👊🏻🏀 Review: Shaq Fu: A Legend Reborn "The Big Daddy is BACK!" 🏀👊🏻 #ShaqFu

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Shaq Fu: A Legend Reborn

I know nothing about basketball, but after Shaquille O’Neil was in his own hot game on the SNES and in that one movie where everyone thinks it was Sinbad, I figured he must be a major star. And that opening line is all we need to mention about the original game, as this second iteration seems to want nothing to do with the classic fighter, other than as material for some jokes. 

Many years and a sprinkle of crowdfunding later though, this dominant athlete is looking to craft a new legend, or at least wants to make something closer to an actual success in the video game world. 

Is it possible though, or are some things in history truly doomed to repeat?

It starts off with a cool title screen, showing off the character and a few options, and then thirty minutes of me trying to get my controller working. 

Playing on PC, the game would not recognize my PS4 controller and was very stubborn when it came to the wired XBox 360 gamepad, but even after I thought we had come to some sort of an understanding, the game never acknowledged my trigger buttons, even after several long minutes of trying to trick it into doing so, and a little begging. 

This made the game much harder, as I had to play with the controller but constantly switch to hitting the W button on my keyboard anytime I needed to perform a special attack on a boss or pick up a weapon. So, due to me having to jump back and forth, many of my inputs were eaten or didn’t register. Saying I was frustrated at this is an understatement, and that doesn’t even cover the small glitches. Also, it only happened to me once, but I read about others having several instances of the entire game freezing. We are off to a fantastic start. 

The presentation is the strongest aspect of this new legend. The story is possibly a bit more involved than anyone expected, but it is a giant bucket of nonsense. Graphics and animations all look good with some solid colour choice and the sprites are smaller but standout, while it’s the animated cutscenes that show off something truly cool while delivering small bits of plot and insanity. The voice acting isn’t bad either. I was a little surprised that Shaq’s performance didn’t throw me off more, but it was his singing that got me, especially that opening song about being the ‘big daddy,’ that was far too catchy.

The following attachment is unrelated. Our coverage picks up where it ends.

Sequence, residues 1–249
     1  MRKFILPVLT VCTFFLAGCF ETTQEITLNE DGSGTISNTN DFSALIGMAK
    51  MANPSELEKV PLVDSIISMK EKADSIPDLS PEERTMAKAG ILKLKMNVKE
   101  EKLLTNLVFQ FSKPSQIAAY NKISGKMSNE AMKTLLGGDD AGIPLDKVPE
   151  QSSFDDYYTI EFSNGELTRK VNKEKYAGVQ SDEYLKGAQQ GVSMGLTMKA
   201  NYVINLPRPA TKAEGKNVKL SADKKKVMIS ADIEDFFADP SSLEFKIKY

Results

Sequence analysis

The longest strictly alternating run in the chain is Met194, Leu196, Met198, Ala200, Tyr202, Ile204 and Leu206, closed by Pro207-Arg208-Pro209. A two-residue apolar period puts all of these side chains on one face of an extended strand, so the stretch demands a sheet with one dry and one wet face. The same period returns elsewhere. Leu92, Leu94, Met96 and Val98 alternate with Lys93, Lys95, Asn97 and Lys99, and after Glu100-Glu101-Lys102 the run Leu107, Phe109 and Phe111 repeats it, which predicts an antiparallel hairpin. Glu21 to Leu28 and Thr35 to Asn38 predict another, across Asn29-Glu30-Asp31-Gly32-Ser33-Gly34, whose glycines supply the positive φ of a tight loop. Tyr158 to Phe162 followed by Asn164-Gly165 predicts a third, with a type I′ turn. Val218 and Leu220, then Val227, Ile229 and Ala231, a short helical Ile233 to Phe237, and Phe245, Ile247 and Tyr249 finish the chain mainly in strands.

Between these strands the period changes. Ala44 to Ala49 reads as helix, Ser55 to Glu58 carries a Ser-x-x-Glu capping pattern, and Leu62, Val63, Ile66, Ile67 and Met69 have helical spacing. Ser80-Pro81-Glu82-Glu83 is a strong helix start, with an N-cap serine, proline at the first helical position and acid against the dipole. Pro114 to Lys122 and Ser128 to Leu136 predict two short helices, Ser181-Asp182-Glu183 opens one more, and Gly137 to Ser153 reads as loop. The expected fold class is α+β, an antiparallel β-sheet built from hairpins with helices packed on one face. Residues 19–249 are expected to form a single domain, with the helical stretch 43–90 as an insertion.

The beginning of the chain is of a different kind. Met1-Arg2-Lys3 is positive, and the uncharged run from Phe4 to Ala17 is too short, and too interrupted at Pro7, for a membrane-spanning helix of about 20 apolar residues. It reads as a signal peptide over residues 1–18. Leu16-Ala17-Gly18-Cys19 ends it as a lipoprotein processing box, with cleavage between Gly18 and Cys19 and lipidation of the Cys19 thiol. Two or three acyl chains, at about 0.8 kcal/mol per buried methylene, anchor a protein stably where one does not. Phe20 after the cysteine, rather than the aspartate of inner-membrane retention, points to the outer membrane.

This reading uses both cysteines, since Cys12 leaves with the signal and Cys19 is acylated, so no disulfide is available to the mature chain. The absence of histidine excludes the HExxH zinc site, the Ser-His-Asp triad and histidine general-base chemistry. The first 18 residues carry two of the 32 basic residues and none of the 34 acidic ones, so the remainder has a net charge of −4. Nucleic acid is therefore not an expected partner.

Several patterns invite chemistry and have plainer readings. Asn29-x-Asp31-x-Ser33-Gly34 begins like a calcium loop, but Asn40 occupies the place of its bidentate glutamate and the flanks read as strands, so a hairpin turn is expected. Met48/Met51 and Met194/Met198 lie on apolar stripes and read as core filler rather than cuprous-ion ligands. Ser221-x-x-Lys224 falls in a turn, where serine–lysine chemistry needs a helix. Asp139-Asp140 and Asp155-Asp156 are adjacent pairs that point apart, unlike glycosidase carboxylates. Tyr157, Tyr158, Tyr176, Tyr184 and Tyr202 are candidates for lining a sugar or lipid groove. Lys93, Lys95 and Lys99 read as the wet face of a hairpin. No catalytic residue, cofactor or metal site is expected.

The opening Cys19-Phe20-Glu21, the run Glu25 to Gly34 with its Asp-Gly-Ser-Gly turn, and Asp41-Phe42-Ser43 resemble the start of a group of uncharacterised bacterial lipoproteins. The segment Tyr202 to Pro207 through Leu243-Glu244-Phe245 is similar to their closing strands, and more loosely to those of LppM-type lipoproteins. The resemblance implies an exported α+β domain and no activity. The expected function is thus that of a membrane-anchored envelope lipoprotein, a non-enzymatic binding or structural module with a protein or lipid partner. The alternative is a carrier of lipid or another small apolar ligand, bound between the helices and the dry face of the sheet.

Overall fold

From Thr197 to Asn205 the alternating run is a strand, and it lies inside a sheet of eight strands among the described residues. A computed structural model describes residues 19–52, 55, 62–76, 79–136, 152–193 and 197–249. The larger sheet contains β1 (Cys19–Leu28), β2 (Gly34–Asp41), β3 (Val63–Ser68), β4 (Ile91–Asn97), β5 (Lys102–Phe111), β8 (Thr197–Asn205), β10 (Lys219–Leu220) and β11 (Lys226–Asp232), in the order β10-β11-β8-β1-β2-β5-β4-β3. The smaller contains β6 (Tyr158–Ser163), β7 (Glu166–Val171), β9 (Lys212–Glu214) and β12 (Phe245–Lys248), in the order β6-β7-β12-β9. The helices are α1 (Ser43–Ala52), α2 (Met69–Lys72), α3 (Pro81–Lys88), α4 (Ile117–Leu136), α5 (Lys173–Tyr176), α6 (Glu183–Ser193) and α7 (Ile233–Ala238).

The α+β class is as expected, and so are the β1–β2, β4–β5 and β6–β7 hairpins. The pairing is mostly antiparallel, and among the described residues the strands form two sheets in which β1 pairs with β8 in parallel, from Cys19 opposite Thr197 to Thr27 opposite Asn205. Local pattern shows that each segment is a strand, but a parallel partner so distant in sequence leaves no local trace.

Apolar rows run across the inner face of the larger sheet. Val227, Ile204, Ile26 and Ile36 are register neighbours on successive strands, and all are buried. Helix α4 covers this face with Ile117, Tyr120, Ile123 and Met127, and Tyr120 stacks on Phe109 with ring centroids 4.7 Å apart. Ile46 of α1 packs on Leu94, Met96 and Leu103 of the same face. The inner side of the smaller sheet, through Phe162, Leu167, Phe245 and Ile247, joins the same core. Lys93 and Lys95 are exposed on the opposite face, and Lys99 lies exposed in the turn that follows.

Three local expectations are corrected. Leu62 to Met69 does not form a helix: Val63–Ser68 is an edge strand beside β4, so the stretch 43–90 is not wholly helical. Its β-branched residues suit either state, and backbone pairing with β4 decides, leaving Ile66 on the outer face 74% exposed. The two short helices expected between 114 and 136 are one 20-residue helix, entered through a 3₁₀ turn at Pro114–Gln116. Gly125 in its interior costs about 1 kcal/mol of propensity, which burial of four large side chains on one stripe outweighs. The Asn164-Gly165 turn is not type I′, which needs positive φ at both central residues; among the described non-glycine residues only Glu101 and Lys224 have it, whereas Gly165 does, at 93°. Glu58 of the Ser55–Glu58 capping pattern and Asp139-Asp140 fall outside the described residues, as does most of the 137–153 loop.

Gameplay on its own isn’t necessarily bad. It’s a single button attack with a few special moves that have to be used to be effective against certain enemies while throwing in a dash and rolling to make movement less tedious. The game starts off easy but does get harder, especially when certain enemies begin dealing massive amounts of damage and there are so many that it is almost impossible not to get hit. Thankfully there are these transformation power-ups that give the hero an Iron Man inspired power suit of armour or turn him into a massive damage dealing Shaqtus, and I wish I had made that part up. There are some orbs to pick up that grant energy and health, while Shaq can be fully restored with a jug of Icy Hot—which I hear he endorses, and I’m sure that gave someone a small chuckle. 

The humour of the game is actually pretty good in several spots, except for the times it tries too hard in spectacular fashion. Breaking the fourth wall is probably when the game shines the most, like how they joke about one character not fighting because a certain level of the IndieGogo wasn’t met, or when Shaq stops to address the developers about how many waves of enemies are in one stage, as a couple of those moments—mostly self-deprecation—had me laughing. 

Shaq is a large African American man who continually insists that he is Chinese as he hunts down demonic celebrities that are obviously inspired by real-life individuals, which is a crazy premise that should make sure no one takes this game too seriously from the start, but I can understand if someone found it racially, sexually, or gender offensive. It pushes hard on stereotypes for seemingly little reason other than to try it. I’m just convinced if I asked the developers why they did or added in certain things, there wouldn’t be a good answer—making it a drastically shallow experience.

The game is incredibly short, with most people beating it in just over three or four hours of gameplay, with most of that being repetitive action, just pushing on to see what crazy thing will happen next in the outlandish story bit. 

That’s my polite way of saying that this isn’t going to be worth most people’s time, unless someone is just immensely bored, or just want to embrace this cheesy experience. 

I’ve heard that Barack Obama and Kanye West are in the DLC, and amusing as that is, it won’t have me spending any more money or putting too much extra time into this game—my apologies, Mr President. 

I could see breaking this one out to show a friend who is really curious though, or years later, to remind myself the game actually happened. 

This has proven to be less of a legend and more like a fever dream, and I think if I want to explore any more games with basketball superstars, I’ll re-tackle Michael Jordan: Chaos in the Windy City. 

Ratings Explained
ICE COOL (Great Game Recommended)
MELTING (Recommended with reservations, one to consider if you are a fan of the genre)
MELTED (Not A Recommended Purchase)

Review By Wilds

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